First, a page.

Without a vision, without a dream, the Sint-Laureins Tourist Advisory Board would never have become a model for the entire region. Lievegem, Maldegem and Assenede also have the idea of setting up such an advisory council. “We have come to the point where I have to refuse enthusiastic people on our board of leading volunteers, because there would then be too many of us,” explains Willy. “This is very unfortunate and even a bit difficult to stop that enthusiasm. I have now come to the conclusion that working in smaller thematic groups is a very good way of channelling all that enthusiasm. Fot example: we have the idea to expand our traditional ‘winter walks’ more because of success, a thematic group could take care of this and take responsibility. This will give us a stronger organisation. And we keep a lot of commitment aboard.” The chairman of the advisory board also has dreams, in addition to the expansion of his own B&B soon. “I am still convinced that we can enhance the walking experience within our walking network. There are still large loops on paved roads which, thanks to a few crossings in the polders, can become spectacularly more beautiful. A crossing over ‘De Val’, here near my house, is one of those projects that I still dream of. And when it comes to cycling, I see a safe axis with a separate bike path between Sint-Laureins and Watervliet and connections in the direction of the small border villages Sint-Margriete and Waterland-Oudeman. I hope that the municipality will work together with us to achieve this.” Willy’s dreams have the advantage of clarity. “A lot has already happened,” admits Willy, “but we can raise the bar even higher, so that our cycling and walking paradise at the border becomes even more attractive here and seamlessly merges into Zeeuws-Vlaanderen (Holland).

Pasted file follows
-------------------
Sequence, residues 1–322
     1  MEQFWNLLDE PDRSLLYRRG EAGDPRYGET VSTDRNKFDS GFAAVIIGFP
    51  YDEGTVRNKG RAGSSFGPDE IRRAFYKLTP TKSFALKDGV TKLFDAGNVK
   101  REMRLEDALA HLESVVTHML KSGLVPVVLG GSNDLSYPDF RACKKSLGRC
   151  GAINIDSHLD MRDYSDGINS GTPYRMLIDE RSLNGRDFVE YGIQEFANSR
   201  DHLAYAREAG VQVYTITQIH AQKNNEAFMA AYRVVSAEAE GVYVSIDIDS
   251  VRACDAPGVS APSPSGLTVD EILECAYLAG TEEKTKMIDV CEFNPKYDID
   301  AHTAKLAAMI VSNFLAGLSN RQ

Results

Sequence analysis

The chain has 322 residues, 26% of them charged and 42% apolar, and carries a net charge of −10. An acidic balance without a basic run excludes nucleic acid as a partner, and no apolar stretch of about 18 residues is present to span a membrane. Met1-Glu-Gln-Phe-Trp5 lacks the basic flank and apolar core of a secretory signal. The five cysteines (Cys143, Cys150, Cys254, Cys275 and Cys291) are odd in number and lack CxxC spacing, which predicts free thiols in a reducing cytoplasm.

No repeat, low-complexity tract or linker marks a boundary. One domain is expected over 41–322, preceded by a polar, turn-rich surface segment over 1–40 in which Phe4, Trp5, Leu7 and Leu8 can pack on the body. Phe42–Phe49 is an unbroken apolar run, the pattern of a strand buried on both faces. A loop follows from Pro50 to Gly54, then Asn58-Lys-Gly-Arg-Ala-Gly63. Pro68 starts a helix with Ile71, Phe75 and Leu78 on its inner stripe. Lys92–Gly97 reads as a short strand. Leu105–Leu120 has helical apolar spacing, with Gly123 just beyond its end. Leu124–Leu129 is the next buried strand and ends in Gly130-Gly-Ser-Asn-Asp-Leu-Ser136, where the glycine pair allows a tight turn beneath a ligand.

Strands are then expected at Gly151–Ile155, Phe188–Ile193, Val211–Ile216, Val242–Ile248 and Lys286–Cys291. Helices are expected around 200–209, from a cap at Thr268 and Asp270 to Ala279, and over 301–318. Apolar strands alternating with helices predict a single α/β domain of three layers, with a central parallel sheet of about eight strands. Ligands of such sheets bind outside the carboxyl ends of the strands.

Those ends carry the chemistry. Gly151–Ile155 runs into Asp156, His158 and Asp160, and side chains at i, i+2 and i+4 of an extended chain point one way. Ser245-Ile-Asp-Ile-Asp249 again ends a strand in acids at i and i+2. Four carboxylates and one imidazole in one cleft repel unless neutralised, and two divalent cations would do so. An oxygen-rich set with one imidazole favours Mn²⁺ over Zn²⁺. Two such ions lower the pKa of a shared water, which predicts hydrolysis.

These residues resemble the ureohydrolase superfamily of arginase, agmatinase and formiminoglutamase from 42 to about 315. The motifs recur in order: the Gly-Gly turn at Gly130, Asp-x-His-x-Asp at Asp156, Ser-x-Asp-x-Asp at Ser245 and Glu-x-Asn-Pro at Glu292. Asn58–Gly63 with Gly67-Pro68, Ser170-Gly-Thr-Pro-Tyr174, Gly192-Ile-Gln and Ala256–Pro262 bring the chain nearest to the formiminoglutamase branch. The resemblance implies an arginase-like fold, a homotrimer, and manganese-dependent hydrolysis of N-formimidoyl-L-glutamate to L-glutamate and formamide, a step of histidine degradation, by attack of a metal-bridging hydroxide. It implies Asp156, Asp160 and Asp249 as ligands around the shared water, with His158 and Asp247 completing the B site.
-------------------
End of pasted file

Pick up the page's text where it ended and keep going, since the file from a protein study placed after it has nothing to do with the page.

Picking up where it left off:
Tourism Officer Sofie Van Waes testifies

“Why don’t we learn this at school?”

Interview and translation by Bart Van Damme and Deepl

Tourism Officer Sofie Van Waes from Assenede

Sofie Van Waes recently became the tourism officer in the municipality of Assenede as ‘cultural policy coordinator’. Following on from her colleague Lien Ysebaert, she was ‘thrown’ a month ago in the Flourishing Destinations project. She immediately ended up in a coaching programme ‘coach the coach’ by Els Meerschaert, who guides us in making optimal use of Appreciative Inquiry, a method to make projects flourish better. Appreciative Inquiry is an approach in which all interested parties are involved and in this way change can be determined for itself. This is done by asking many and especially the right questions.

“Appreciative Inquiry, why don’t we learn this at school? It may take some time to master, but once you get away with it, you can achieve so much with it! Els is great, how she gets the group excited is incredible. You just get a lot of ‘desire’ to get on with it,” says Sofie.

According to Sofie, the municipality of Assenede offers many opportunities to make it a thriving or ‘flourishing’ destination. “In my opinion, the challenge is to get everyone enthusiastic about the idea of ‘Travelling to tomorrow’. From the point of view of tourism in Assenede, it is our task to look openly and to involve our (local) community. In this way we make sure that our lime tree starts to live.” With the lime tree, Sofie refers to the model drawn up by Tourism Flanders, in which the flourishing community is seen as the point of contact where tourists, entrepreneurs and residents benefit from tourism in the region. In which they, as placeholders, make that beautiful place even better, as a place where you dream of really wanting to live.

The lime tree

Meetjesland Living Lab: the place and the placeholders